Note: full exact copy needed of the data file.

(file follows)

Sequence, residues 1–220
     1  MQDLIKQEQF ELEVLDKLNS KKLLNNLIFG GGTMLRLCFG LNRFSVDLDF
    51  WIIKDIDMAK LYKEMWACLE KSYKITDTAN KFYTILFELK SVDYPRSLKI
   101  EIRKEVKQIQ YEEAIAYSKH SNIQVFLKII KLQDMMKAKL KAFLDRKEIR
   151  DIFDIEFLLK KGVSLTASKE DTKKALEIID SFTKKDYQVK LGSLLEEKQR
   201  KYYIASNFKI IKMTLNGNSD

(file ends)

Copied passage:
Sequence, residues 1–220
     1  MQDLIKQEQF ELEVLDKLNS KKLLNNLIFG GGTMLRLCFG LNRFSVDLDF
    51  WIIKDIDMAK LYKEMWACLE KSYKITDTAN KFYTILFELK SVDYPRSLKI
   101  EIRKEVKQIQ YEEAIAYSKH SNIQVFLKII KLQDMMKAKL KAFLDRKEIR
   151  DIFDIEFLLK KGVSLTASKE DTKKALEIID SFTKKDYQVK LGSLLEEKQR
   201  KYYIASNFKI IKMTLNGNSD